According to the New York Times most Americans make their decision on whom to vote for solely on the premise of party loyalty. We live in polarized times, and long gone are the days of voters making decisions based on the individuals running for president. 

Nowadays voters make decisions based off of alleged differences in party platforms. This is likely why many have not heard of Johnson, or even if they have, decided he is not right for them because he is running as a Libertarian. 

Despite making the ballot in all 50 states, Johnson is not receiving his fair share of media coverage unless he happens to say something a bit goofy. The average American, at least before Johnson’s numbers started to rise, probably could not accurately describe what it means to be a Libertarian. 

Every time I turn on the news, what do I see? I see Trump bashing Hillary, Hillary bashing Trump, and pundits from across the spectrum praising them for their proposed plans to save the country. 

What do I see when I do actually see Johnson on the news? He either has his tongue sticking out of his mouth, or he is asking, “What is Aleppo?” Media coverage is not equal and rarely does it focus on the possible success of a candidate’s proposed ideas. Usually coverage is designed to boost favorability among one candidate while making all others appear to be silly and unqualified. 

When I ask people what a Libertarian is, most of the time I get a response similar to, “They are pot smoking hippies”. While libertarians do support the decriminalization of marijuana, there is far more substance there than people give them credit for. 

Johnson has built his campaign on the premise of Libertarians being “fiscally conservative and socially inclusive”, which, generally speaking, is a correct but broad definition. 

Libertarian politics are centered on the idea that people should not be taxed more than necessary for the function of a limited, constitutional government, and individuals should be free to do what they please, as longer as they are not hurting others or inhibiting their ability to do the same in the process.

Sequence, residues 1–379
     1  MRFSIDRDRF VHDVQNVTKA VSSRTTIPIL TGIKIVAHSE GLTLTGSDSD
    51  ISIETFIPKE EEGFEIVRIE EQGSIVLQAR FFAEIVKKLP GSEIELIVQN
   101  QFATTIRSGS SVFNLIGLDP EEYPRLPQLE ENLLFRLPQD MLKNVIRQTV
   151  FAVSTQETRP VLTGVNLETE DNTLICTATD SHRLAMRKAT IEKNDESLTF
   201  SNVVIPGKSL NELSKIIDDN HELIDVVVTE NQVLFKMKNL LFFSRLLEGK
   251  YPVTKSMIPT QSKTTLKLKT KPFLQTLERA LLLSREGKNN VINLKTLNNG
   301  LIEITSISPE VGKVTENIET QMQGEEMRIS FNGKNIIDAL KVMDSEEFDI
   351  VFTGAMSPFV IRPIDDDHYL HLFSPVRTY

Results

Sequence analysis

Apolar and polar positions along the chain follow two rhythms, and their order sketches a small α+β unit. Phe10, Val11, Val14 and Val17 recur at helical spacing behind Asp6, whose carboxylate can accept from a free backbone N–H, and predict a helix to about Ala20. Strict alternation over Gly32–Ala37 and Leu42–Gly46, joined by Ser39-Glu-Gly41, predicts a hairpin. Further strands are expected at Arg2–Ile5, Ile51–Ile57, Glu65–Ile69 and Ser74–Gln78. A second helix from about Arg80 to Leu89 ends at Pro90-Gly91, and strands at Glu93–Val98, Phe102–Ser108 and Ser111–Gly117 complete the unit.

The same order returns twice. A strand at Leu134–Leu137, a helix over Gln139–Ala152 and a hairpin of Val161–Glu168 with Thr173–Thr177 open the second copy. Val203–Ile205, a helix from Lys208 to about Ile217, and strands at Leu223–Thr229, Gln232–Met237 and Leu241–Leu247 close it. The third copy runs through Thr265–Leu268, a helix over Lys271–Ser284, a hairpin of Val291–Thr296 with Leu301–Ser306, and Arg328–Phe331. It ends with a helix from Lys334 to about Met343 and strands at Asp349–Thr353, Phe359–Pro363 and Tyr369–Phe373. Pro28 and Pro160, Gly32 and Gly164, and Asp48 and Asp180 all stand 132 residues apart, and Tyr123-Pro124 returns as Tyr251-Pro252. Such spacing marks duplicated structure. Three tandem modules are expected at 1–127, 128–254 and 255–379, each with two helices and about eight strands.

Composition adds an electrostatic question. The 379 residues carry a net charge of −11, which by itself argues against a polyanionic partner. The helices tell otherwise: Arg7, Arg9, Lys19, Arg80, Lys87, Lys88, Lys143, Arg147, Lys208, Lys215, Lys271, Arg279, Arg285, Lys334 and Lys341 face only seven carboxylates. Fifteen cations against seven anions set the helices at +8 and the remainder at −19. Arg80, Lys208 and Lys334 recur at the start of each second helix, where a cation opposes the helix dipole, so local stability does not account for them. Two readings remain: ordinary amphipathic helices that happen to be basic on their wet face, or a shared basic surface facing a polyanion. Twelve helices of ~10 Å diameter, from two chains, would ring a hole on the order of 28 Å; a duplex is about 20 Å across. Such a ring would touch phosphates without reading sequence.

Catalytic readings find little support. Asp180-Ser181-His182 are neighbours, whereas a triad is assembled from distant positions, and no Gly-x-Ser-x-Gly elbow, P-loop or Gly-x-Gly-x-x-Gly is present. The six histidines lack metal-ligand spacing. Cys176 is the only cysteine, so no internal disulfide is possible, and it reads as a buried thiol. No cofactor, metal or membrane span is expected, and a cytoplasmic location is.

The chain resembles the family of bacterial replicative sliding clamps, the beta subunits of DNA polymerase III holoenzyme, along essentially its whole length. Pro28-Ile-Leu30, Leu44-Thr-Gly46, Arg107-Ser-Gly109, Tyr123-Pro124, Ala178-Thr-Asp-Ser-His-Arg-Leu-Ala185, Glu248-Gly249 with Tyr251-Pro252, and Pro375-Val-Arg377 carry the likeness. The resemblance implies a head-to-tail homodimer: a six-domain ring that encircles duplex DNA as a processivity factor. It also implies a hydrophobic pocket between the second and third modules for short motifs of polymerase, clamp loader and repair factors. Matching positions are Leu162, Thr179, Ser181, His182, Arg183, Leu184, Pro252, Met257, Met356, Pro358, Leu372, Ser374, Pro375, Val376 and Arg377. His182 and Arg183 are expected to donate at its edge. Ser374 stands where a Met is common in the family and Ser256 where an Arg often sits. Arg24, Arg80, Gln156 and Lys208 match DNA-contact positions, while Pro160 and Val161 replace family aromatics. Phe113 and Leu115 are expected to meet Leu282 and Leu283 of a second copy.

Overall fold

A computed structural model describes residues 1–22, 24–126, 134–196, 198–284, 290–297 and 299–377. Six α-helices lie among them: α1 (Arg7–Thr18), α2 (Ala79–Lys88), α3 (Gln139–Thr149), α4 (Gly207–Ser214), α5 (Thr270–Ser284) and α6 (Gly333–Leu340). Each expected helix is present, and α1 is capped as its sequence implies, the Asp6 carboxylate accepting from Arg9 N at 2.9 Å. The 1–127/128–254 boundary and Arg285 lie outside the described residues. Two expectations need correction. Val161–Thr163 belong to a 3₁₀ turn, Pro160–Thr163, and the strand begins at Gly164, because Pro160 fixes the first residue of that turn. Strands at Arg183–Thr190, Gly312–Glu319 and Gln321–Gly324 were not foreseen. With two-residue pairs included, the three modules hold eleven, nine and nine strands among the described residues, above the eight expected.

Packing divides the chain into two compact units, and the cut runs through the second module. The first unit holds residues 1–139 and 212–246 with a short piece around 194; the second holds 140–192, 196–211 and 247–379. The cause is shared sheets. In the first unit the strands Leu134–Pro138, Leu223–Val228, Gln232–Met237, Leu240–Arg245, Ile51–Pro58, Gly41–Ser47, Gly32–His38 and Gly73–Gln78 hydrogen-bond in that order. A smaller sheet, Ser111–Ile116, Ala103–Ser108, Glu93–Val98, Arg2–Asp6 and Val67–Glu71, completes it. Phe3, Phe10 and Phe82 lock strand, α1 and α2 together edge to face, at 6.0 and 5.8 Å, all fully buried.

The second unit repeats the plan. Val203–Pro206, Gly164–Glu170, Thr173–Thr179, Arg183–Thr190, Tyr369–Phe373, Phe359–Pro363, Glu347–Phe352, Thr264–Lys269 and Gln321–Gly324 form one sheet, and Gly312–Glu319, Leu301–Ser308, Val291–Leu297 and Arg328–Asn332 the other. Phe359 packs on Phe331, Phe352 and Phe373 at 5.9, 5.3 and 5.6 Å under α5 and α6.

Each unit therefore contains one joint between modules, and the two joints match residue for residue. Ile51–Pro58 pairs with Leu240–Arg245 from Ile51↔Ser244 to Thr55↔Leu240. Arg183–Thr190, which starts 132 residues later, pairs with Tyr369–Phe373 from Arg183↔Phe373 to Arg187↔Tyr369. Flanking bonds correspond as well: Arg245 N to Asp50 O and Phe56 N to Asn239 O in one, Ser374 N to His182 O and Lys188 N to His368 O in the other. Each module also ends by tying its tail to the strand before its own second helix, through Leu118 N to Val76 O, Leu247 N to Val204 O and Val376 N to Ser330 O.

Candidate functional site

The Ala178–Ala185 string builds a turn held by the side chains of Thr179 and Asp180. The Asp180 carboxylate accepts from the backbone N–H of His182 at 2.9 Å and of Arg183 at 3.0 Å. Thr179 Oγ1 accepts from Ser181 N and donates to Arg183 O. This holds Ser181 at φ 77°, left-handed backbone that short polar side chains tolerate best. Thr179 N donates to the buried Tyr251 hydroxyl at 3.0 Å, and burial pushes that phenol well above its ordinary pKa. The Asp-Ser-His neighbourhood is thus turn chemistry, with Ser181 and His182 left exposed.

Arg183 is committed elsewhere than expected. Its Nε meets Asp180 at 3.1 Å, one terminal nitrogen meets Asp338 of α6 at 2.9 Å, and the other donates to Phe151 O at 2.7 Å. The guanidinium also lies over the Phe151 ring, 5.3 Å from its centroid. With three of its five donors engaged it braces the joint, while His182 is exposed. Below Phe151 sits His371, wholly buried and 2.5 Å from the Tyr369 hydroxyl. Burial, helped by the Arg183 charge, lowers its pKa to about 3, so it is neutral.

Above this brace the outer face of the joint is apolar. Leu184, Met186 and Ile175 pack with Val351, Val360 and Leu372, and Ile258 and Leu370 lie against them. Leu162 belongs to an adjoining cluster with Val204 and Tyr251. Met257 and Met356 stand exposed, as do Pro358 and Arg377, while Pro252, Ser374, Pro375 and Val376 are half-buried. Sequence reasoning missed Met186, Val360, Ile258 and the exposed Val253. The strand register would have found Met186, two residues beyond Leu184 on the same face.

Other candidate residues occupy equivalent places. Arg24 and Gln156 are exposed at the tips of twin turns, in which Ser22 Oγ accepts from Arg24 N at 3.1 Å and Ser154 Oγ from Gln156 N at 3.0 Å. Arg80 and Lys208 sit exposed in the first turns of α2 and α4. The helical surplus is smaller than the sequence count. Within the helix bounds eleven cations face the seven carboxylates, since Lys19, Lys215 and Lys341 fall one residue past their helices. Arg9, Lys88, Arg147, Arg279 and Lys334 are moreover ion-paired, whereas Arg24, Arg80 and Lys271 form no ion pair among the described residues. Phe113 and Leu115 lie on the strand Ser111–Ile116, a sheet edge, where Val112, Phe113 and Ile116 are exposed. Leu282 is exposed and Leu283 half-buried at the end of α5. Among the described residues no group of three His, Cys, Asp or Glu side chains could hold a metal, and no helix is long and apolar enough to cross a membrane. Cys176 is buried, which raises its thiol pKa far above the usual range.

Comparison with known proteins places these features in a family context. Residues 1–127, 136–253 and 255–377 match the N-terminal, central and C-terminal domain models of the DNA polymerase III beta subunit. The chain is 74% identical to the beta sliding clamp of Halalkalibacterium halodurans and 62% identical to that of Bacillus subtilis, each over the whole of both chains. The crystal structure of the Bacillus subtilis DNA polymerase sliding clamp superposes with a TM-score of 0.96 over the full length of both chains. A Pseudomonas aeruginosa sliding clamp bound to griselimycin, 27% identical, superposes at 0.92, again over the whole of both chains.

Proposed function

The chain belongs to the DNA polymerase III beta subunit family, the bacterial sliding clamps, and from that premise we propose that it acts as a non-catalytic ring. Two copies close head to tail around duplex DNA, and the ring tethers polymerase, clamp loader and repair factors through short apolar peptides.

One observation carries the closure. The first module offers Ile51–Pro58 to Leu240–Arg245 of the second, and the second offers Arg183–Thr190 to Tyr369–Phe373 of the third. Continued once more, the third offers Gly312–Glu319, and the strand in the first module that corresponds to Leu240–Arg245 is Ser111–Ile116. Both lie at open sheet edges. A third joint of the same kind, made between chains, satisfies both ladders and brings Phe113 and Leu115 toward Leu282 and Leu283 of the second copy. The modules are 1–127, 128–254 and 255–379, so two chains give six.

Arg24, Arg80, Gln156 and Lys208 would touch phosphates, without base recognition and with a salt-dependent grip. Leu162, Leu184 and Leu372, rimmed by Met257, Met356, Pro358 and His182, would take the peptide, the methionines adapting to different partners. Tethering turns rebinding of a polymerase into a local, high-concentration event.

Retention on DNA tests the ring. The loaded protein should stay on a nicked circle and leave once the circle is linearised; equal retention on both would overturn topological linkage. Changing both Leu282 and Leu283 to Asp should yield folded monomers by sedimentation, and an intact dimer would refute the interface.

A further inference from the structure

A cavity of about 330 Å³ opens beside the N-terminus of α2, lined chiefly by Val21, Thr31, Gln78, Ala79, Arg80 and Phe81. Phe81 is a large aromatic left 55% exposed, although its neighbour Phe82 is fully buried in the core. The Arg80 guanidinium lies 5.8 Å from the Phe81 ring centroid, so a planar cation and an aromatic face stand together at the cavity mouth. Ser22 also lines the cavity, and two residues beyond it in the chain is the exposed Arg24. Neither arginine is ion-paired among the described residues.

When it comes to this, again broad, definition of Libertarianism, I would say Johnson is right in saying most people are Libertarians but just do not know it yet. 

Gary Johnson should be allowed to debate because it gives voters another candidate to examine and identify with. 9 percent of voters support him and 9 percent of voters are unsure who they support. 

The latter 9 percent could decide that Johnson is their man, along with those who have been supporting Clinton and Trump and have not heard Johnson’s messages yet. 

The Libertarian Party candidate will appear on the ballots in all 50 states, is polling at 15 percent or higher in 15 states, is 4 to 6 points from polling at second place in 4 states, and is the most favorable candidate for veterans, polling at 37 percent among this group. 

Is Gary Johnson the answer to the issues facing the United States? Maybe not, but give the voters a chance to decide for themselves. Let the man debate. 

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Johnson should debate alongside Clinton and Trump